Feb 8, 2012 David Lang

So Much More Than Pictures

The Accordance Bible Lands PhotoGuide contains more than 1,600 high-quality photographs of biblical sites and regions. Yet it is far more than just a photographic archive. The PhotoGuide is a carefully-researched dictionary of biblical places which is packed with useful information. Take the time to explore it, and you'll learn a great deal about the world of the Bible. Over the next several posts, I'll highlight a few of the gems you'll find in the PhotoGuide.

One of my favorite articles in the PhotoGuide is the one entitled, "Inscriptions and Ancient Texts." This article has photos and in depth descriptions of various hieroglyphic, cuneiform, Hebrew, Semitic, Greek, and Latin inscriptions. These include the Rosetta Stone, the Law-Code of Hammurabi, the Babylonian Flood Story, the Black Obelisk of Shalmaneser III, the Gezer Calendar, the Siloam Inscription, the Lachish Letters, inscriptions from Herod's temple, some of the Dead Sea Scrolls, the Moabite Stone, and more.

Here are a few of my favorites:

The Black Obelisk of Shalmaneser shows the king of Israel bowing before the king of Assyria

The Black Obelisk of Shalmaneser III, pictured here, celebrates that Assyrian king's many conquests. The figure bowing down before Shalmaneser is identified as "Jehu son of Omri," the king of Israel at that time. (By the way, this identification of Jehu shows some confusion on the part of the Assyrians. Can anyone tell me why?)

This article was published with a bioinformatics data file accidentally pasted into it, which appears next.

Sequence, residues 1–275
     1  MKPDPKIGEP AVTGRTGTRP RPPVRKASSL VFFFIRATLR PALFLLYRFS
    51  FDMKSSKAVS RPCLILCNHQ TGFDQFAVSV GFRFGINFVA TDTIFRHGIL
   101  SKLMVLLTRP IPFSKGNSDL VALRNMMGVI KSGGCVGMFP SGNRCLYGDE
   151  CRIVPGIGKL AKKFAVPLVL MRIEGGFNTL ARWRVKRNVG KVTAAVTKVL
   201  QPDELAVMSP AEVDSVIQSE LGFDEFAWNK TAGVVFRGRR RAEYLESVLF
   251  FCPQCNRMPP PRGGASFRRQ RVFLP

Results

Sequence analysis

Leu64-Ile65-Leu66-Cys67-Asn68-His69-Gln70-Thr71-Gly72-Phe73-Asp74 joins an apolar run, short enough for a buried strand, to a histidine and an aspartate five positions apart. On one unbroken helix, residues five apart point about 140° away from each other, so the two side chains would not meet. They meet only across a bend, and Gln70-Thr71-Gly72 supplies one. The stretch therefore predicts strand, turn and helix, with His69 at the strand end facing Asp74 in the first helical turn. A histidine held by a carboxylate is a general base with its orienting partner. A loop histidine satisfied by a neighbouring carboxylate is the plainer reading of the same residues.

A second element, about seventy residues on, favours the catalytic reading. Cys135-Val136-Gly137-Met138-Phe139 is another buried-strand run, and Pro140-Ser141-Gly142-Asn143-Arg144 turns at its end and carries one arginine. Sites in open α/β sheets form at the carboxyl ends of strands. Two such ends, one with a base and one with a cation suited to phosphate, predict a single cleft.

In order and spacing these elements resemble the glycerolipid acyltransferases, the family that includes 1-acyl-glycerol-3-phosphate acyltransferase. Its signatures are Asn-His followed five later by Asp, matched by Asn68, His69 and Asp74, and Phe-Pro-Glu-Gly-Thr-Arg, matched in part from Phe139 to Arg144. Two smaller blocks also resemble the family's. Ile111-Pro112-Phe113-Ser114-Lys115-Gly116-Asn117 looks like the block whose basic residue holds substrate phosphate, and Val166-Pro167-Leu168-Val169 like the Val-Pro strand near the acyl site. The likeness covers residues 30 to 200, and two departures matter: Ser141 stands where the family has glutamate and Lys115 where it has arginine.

This inscription may have belonged to the tomb of the steward condemned in Isaiah 22

This paleo-Hebrew inscription was found at the entrance to the tomb of a royal steward located outside Jerusalem. The inscription is damaged at the place where his name is given, but scholars believe this may have been the tomb of Shebna, whom Isaiah condemned in Isaiah 22:14-19. (How does this inscription corroborate the sin Isaiah was condemning?)


We've all heard that Gentiles were not allowed beyond the Court of the Gentiles in Herod's temple, but the sign pictured here actually warned them in Greek that they would have no one but themselves to blame for their own death should they be found inside. The PhotoGuide actually gives you a transcription of the Greek as well as an English translation! (Who in the New Testament was accused of violating this prohibition?)

These are just a few of the fascinating inscriptions shown and explained in the PhotoGuide. The Inscriptions article alone can dramatically increase your knowledge of the Bible. If you own the PhotoGuide, take some time to read it. If you don't own it, what are you waiting for?

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